LGBTQ leaders in Orange County are leading the push for local nondiscrimination ordinances now that HB2 is dead and gone. From L to R, Hillsborough Commissioner Matt Hughes, Chapel Hill Council Member Karen Stegman, Carrboro Council Member Damon Seils, and Carrboro Mayor Lydia Lavelle. Orange County LGBTQ Protections
LGBTQ leaders in Orange County are leading the push for local nondiscrimination ordinances now that HB2 is dead and gone. From L to R, Hillsborough Commissioner Matt Hughes, Chapel Hill Council Member Karen Stegman, Carrboro Council Member Damon Seils, and Carrboro Mayor Lydia Lavelle.

In a post-HB2 world, Orange County, long a progressive bastion of NC, will lead the way.

Now that HB2’s anti-LGBTQ rules are officially dead in North Carolina, several Triangle local governments will be the first to pass new anti-discrimination ordinances, Cardinal & Pine has learned. 

County and town leaders in Orange County—one of NC’s progressive centers—are expected to act next week on their new rules, which would ban discrimination on the basis of sexual orientation, gender identity, gender expression and other categories, county leaders said in a joint statement Friday.

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Anti-discrimination ordinances like these were prohibited until December, part of a three-year moratorium bundled into the state’s repeal of its mega-controversial “bathroom bill.”

“Having these types of non-discrimination ordinances at the local level is now allowed in 48 states,” Carrboro Mayor Lydia Lavelle said in a statement. “In 2020, the United States Supreme Court affirmed the rights of LGBTQ people to employment free of discrimination, and the North Carolina Court of Appeals recently ruled  that LGBTQ residents have the right to be provided services the same as any other member of the  public. Further, our Orange County voters have historically shown overwhelming support for the LGBTQ  community. These proposed ordinances reflect the values of our communities.” 

Lavelle was the first openly lesbian mayor in the state of North Carolina when she won election in 2013.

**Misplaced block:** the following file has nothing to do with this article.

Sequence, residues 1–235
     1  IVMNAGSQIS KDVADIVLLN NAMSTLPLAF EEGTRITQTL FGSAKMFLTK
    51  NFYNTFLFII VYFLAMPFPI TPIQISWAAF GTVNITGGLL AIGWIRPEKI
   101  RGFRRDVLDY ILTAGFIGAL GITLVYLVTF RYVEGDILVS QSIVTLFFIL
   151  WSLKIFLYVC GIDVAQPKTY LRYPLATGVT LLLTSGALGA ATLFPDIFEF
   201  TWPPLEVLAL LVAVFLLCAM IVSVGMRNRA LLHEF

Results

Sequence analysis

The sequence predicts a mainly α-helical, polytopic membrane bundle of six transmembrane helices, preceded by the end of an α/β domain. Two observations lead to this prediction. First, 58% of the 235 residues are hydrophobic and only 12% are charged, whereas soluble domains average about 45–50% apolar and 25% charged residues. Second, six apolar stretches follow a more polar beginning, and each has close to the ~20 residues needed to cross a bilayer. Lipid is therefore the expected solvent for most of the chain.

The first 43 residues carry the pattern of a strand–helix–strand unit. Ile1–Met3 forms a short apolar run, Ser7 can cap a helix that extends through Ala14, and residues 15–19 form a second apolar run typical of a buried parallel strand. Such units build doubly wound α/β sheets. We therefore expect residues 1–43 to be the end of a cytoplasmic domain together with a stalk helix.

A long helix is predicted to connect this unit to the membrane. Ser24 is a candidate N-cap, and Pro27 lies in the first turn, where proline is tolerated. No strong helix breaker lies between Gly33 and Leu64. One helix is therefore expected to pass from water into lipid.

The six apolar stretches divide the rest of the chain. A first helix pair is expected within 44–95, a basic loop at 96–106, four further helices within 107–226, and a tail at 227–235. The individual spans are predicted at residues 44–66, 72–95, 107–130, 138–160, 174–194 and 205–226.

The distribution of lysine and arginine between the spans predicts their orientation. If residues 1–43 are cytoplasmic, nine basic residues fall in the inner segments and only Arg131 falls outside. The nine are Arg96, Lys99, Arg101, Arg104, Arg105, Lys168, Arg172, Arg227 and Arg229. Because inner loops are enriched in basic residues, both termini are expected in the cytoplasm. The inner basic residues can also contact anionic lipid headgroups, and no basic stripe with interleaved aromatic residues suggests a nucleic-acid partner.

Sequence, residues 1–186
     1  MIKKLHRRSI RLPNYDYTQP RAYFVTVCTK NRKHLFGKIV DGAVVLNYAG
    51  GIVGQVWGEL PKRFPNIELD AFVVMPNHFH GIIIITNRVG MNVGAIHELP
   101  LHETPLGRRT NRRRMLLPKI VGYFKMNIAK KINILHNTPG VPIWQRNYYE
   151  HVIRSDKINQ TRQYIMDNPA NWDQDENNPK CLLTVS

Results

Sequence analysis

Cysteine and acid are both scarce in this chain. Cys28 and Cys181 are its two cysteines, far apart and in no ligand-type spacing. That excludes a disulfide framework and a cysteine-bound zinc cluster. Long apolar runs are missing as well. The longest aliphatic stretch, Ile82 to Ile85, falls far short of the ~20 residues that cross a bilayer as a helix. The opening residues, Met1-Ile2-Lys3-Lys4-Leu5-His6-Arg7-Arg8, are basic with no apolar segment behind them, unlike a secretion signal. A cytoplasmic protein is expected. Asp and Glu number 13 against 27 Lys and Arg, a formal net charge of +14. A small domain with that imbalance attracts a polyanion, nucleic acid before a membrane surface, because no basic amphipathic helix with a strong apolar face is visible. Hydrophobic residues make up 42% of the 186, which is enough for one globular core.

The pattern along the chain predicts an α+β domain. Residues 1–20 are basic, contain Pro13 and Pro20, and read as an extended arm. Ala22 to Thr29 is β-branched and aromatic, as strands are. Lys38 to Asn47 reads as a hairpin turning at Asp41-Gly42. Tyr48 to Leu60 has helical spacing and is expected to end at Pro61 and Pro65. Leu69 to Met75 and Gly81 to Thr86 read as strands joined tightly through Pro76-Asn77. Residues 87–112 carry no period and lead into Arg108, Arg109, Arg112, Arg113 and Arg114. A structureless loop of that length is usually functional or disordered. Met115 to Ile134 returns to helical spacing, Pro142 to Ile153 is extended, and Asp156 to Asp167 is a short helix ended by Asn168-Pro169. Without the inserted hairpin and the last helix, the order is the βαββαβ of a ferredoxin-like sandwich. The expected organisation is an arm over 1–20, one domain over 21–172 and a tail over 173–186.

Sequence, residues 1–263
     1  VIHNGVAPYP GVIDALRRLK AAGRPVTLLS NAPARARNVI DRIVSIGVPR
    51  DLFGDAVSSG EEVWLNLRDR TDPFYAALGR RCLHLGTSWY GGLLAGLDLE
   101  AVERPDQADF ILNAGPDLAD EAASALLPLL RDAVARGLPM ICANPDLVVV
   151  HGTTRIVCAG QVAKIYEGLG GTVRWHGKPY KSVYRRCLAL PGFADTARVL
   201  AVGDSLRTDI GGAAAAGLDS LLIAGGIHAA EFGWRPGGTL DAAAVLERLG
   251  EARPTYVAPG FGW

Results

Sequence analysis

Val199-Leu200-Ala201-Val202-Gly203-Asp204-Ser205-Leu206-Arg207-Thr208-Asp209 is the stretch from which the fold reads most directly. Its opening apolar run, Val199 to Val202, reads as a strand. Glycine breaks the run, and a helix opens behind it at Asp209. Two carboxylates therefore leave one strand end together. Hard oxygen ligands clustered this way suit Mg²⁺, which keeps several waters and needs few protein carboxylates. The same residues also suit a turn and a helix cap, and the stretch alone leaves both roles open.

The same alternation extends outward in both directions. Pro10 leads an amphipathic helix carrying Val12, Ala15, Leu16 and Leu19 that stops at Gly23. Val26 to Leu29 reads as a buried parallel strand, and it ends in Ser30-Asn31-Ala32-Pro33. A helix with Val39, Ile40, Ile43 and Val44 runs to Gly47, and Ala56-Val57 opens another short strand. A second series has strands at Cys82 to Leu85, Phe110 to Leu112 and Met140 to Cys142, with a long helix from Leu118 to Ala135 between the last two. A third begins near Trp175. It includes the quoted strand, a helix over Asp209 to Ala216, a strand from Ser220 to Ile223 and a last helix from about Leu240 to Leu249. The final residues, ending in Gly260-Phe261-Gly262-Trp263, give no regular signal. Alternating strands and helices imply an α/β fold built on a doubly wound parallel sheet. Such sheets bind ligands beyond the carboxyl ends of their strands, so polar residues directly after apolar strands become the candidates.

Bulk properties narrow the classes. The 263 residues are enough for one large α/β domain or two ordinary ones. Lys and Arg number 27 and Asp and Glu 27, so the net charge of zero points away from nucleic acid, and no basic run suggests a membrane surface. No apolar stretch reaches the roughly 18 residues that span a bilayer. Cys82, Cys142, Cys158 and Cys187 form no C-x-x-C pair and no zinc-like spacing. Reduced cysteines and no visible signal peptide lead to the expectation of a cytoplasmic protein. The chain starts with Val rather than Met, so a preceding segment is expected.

The ordinances will be rolled out in county government, as well as in town governments in Chapel Hill, Carrboro and Hillsborough. Other local governments are expected to follow suit in 2021. 

[update] Members of the Durham City Council are also discussing their own LGBTQ protections, with plans to pass new rules as soon as Jan. 19.

Leaders characterized the new ordinances as a coordinated effort, led by LGBTQ elected leaders in Orange County such as Lavelle, Chapel Hill Council Member Karen Stegman, Hillsborough Commissioner Matt Hughes, and Carrboro Council Member Damon Seils.  

The local governments are expected to introduce and discuss those new rules in virtual meetings next week.

Orange County leaders have a history of progressive action on LGBTQ equality, approving domestic partner benefits for town employees and domestic partner registries. 

Local leaders have also been trailblazers among LGBTQ politicians. Former Carrboro Mayor Mike Nelson was the first openly gay mayor in North Carolina, and ex-Chapel Hill Mayor Mark Kleinschmidt was the third. 

Read More: HB2 Is Officially Dead and Gone in NC. Here’s Why That Matters.

Officials said in their statement that the protections will cover services in places of “public accommodations,” including stores, hotels and any business providing goods or services on-premises. They also fill in anti-discrimination protections in federal law. 

HB2 was approved in 2016 by the Republican-controlled state legislature. And while it was widely considered to be focused on transgender people, passing a ban on people using public restrooms not matching the gender on their birth certificate, it included a sweeping set of broad anti-LGBTQ rules. 

Attached to the bill—which was introduced and approved in one day—was a ban on local non-discrimination ordinances like those Orange County governments are likely to approve. It also bundled non-LGBTQ measures, such as a ban on local wage ordinances. 

Its passage sped an avalanche of protests and boycotts. The NBA pulled its All-Star Game out of Charlotte; the NCAA moved its regional tournament games elsewhere; and scores of businesses and entertainers canceled planned events or moves. In 2017, the Associated Press estimated NC’s economic toll of HB2 at more than $3.7 billion. The bill was repealed in 2017 under new Democratic Gov. Roy Cooper, although it included the controversial three-year moratorium.